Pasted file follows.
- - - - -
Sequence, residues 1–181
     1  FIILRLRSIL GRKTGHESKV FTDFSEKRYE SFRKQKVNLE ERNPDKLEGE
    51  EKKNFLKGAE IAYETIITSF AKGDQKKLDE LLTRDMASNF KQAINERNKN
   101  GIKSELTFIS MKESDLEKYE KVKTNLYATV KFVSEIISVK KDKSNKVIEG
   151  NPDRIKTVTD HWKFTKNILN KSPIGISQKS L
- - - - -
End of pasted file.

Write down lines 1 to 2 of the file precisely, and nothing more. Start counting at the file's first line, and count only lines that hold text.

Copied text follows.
Sequence, residues 1–181
     1  FIILRLRSIL GRKTGHESKV FTDFSEKRYE SFRKQKVNLE ERNPDKLEGE